Among Malmo's transplants is Sao Paulo native and former futsal professional Sergio De Souza, a soccer instructor who lives with his Swedish wife and family. He runs clinics in Rosengard and elsewhere, teaching kids moves based on samba dancing and trying to make it fun. He has dubbed one tricky step-over dribble "the Marta," trying to perpetuate her influence, especially among girls who are tentative or face disapproval at home.
"She has inspired a lot of girls, but it's still a battle," he says.
FC Rosengard also runs youth programs, and that is where CEO Klas Tjebbes, a former ad agency owner, says he wants to concentrate in the future.
"We have never been better than we are now, but financially, we have problems," he says. "There's still no way to make ends meet."
The city of Malmo and corporate sponsors keep the team afloat, but regular-season attendance generally ranges from a few hundred to 1,000. "In the long run, our plan is to be a really good Swedish club that educates young players who will play elsewhere," Tjebbes says. "Fifteen years from now, this club as it is now will not exist."
Tjebbes won't specify Marta's salary but says it is substantially less than what she would make playing in France or Germany. He didn't think the team could afford her, but she wanted to stay in Sweden and have a shot at the UEFA Women's Champions League.
"What really made it tip over for us is that she is such a big name and the publicity around her is so huge that it's worth it even if she wouldn't be on the pitch," Tjebbes says. "It was almost a bonus that she turned out to be in such good shape, with all that hunger and skills and passion she has. A very big part of it was the marketing value. I don't think we realized how big it is."
Marta had never worn anything but No. 10, traditionally assigned to a team's fulcrum, its most indispensable and creative player. But FC Rosengard's roster features world-class women from nine countries, and when Marta arrived, the number belonged to Switzerland's gifted forward, Ramona Bachmann.
Marta took No. 11 and did not sulk. Instead, she worried about how she would be perceived -- almost to a fault.
"Do you think the other girls will accept me?" she asked the team's sports director, Erling Nilsson, early on.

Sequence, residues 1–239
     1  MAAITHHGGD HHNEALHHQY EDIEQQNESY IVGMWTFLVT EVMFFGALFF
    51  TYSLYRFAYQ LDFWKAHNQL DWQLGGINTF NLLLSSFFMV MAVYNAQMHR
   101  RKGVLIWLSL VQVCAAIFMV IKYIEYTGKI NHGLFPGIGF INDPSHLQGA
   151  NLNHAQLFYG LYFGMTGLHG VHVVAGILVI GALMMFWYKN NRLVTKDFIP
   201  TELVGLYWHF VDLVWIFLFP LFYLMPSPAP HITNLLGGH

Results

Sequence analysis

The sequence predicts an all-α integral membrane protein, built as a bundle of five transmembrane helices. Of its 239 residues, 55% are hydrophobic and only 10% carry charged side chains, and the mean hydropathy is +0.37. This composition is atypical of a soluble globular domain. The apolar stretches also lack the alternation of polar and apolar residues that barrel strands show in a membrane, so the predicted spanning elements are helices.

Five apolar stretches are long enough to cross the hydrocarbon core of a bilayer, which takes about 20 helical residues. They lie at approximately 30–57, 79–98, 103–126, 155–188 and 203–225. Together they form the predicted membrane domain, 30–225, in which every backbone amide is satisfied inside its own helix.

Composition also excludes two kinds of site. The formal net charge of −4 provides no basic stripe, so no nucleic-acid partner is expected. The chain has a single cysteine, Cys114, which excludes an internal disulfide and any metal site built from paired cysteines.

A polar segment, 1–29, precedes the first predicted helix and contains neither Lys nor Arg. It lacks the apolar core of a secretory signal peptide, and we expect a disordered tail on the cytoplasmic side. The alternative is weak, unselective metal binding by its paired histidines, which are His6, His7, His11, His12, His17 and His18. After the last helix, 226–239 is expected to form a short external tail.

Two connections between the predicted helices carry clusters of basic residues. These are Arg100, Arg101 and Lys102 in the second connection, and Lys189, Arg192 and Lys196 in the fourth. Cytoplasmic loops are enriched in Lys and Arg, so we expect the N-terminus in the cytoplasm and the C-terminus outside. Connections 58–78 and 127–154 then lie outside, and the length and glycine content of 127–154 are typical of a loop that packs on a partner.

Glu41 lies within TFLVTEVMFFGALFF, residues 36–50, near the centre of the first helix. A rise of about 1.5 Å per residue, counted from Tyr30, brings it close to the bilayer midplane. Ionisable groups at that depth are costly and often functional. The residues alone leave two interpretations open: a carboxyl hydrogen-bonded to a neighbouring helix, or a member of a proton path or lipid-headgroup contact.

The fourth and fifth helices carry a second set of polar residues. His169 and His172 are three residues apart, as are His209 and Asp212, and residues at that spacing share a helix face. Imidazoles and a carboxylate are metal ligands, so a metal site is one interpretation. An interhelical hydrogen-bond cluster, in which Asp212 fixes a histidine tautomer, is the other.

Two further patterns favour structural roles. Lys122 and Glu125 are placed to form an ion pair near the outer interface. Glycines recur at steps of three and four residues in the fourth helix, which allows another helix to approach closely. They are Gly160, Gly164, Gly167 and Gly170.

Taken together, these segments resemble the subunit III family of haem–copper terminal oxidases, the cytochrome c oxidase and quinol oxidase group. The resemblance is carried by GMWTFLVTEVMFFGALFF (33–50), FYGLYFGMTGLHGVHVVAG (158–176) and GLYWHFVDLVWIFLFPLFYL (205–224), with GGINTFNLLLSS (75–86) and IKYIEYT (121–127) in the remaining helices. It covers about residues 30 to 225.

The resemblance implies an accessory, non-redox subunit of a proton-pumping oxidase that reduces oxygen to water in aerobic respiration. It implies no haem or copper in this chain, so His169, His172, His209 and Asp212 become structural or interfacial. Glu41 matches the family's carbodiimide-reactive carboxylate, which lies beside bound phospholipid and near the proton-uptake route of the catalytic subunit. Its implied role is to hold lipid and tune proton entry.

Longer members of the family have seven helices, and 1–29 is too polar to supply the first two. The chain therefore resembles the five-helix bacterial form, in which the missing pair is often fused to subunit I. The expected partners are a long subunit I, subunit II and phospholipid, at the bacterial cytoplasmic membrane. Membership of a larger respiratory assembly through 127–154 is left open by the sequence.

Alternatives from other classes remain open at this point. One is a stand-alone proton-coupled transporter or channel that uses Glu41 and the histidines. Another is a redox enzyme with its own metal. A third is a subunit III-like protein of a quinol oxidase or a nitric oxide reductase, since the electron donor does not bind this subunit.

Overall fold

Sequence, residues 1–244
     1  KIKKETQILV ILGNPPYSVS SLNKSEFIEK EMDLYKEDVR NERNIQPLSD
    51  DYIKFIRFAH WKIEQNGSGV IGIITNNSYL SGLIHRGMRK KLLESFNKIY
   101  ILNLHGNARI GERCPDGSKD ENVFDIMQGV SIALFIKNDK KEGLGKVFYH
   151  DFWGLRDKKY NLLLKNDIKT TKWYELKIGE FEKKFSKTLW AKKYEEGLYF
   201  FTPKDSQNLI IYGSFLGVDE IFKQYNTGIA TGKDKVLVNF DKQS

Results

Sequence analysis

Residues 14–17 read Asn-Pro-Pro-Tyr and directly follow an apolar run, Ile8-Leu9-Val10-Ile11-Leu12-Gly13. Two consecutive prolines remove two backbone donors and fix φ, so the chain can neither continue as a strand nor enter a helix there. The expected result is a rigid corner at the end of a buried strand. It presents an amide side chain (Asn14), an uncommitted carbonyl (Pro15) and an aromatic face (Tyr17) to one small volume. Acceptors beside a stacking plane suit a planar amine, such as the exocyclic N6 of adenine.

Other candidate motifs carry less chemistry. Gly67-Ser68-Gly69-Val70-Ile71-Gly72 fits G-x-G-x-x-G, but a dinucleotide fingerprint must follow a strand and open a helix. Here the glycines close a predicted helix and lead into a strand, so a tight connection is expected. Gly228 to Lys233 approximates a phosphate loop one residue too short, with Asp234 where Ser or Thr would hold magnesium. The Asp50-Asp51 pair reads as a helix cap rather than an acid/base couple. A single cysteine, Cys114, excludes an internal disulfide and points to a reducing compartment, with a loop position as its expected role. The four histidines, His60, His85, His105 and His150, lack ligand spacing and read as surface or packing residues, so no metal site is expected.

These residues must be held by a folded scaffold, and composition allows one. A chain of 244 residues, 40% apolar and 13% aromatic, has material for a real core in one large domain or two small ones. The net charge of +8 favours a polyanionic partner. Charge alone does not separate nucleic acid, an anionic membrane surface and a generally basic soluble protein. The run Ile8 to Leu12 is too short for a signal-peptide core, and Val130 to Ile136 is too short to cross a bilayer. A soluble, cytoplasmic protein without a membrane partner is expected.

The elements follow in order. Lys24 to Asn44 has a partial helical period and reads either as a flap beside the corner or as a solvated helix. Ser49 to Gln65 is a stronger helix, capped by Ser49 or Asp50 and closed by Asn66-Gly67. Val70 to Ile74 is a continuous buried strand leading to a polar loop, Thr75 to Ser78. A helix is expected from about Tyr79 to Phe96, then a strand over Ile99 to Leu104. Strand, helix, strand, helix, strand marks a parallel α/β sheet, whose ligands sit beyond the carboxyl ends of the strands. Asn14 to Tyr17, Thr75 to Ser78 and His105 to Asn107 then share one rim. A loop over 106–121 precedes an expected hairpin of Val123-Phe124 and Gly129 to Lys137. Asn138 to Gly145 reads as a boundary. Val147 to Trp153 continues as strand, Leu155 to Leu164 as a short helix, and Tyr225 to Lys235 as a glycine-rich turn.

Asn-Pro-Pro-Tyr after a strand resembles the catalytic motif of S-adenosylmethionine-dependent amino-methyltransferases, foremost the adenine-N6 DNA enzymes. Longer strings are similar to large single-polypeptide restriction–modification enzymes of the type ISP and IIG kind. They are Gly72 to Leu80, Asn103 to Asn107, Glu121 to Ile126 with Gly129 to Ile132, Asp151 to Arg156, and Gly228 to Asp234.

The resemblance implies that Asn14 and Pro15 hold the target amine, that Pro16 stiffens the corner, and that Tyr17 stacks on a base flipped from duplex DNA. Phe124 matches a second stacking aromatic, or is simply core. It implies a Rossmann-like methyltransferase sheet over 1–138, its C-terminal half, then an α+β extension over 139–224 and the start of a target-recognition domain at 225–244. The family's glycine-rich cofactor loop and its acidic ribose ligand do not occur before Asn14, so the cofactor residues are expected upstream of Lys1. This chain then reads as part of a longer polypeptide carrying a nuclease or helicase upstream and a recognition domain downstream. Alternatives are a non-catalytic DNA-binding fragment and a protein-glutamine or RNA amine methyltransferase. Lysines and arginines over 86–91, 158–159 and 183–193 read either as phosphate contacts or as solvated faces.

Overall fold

"She doesn't want to be the star," Tjebbes says. "I was amazed when I saw her on the first practice. I don't know what to compare it to -- the biggest of the Hollywood stars gets into your small theater and wants to play. She started to collect the little cones and fetch balls for the others.
"I think that's actually one of the reasons she wasn't 100 percent [last] autumn. She tried so hard to fit in and to do all the best for the team that she sort of put some limits to her own capacity. When she came back from Brazil [after the holidays], and she signed a new contract, she has been more going for it."
It's this key that we're constantly hitting, every day, every time that we have the option to and the opportunity to speak in front of cameras, in interviews and even within our work. We try to give our best all the time so that we can send that message to the people who still don't believe.Marta on the struggle for equal opportunity in the women's game
Coach Markus Tilly says he has had to urge Marta to be "egotistical" and take more shots.
"The biggest challenge is to create situations and exercises to challenge her and the other top players on the team ... to keep her on the edge and a bit angry because then she performs at her best," he says.
That comes naturally, according to Marta's teammate Ali Riley, who plays behind her at left back. They harmonize beautifully on the field, but Riley says Marta has been known to shove her off the ball in training.
"She wants it so badly," says the California-raised, Stanford-educated defender who starts for the New Zealand national team. "She always feels like she has something to prove. You go into it expecting she might be a bit of a diva, which she probably has the right to be, but she's not.
"It's definitely better to be on her team than playing against her. That's terrifying."
Riley says Marta will stand out in freezing weather after a match and sign autographs until the team's athletic trainer, fearing for her health, dispatches another player to pull her away. Little boys, in that sweet, unfiltered phase when they view her as simply a soccer player -- not a female soccer player -- are often among her admirers.